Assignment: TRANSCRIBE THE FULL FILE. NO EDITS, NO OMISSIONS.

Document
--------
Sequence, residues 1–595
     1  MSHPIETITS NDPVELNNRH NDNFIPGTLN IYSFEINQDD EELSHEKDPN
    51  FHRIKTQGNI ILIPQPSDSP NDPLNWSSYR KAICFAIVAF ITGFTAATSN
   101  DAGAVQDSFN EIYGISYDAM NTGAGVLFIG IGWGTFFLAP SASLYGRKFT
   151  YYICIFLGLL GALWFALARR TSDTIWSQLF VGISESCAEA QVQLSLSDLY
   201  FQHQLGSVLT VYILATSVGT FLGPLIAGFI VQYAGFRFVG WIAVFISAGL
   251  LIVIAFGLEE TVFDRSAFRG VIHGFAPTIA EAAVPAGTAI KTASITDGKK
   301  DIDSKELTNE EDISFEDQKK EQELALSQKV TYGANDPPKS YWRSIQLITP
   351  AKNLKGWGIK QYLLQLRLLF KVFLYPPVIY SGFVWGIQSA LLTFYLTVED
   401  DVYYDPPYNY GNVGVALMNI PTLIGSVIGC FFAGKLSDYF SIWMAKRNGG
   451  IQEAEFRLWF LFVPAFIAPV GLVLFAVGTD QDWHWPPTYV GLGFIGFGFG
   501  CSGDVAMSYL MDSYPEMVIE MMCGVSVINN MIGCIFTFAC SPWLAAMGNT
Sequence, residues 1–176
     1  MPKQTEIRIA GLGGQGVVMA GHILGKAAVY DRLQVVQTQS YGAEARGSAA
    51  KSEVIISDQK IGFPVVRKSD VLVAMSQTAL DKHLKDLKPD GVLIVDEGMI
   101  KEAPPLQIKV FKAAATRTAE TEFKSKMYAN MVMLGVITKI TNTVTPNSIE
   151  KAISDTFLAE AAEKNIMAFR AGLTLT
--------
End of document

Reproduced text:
Sequence, residues 1–595
     1  MSHPIETITS NDPVELNNRH NDNFIPGTLN IYSFEINQDD EELSHEKDPN
    51  FHRIKTQGNI ILIPQPSDSP NDPLNWSSYR KAICFAIVAF ITGFTAATSN
   101  DAGAVQDSFN EIYGISYDAM NTGAGVLFIG IGWGTFFLAP SASLYGRKFT
   151  YYICIFLGLL GALWFALARR TSDTIWSQLF VGISESCAEA QVQLSLSDLY
   201  FQHQLGSVLT VYILATSVGT FLGPLIAGFI VQYAGFRFVG WIAVFISAGL
   251  LIVIAFGLEE TVFDRSAFRG VIHGFAPTIA EAAVPAGTAI KTASITDGKK
   301  DIDSKELTNE EDISFEDQKK EQELALSQKV TYGANDPPKS YWRSIQLITP
   351  AKNLKGWGIK QYLLQLRLLF KVFLYPPVIY SGFVWGIQSA LLTFYLTVED
   401  DVYYDPPYNY GNVGVALMNI PTLIGSVIGC FFAGKLSDYF SIWMAKRNGG
   451  IQEAEFRLWF LFVPAFIAPV GLVLFAVGTD QDWHWPPTYV GLGFIGFGFG
   501  CSGDVAMSYL MDSYPEMVIE MMCGVSVINN MIGCIFTFAC SPWLAAMGNT
Sequence, residues 1–176
     1  MPKQTEIRIA GLGGQGVVMA GHILGKAAVY DRLQVVQTQS YGAEARGSAA
    51  KSEVIISDQK IGFPVVRKSD VLVAMSQTAL DKHLKDLKPD GVLIVDEGMI
   101  KEAPPLQIKV FKAAATRTAE TEFKSKMYAN MVMLGVITKI TNTVTPNSIE
   151  KAISDTFLAE AAEKNIMAFR AGLTLT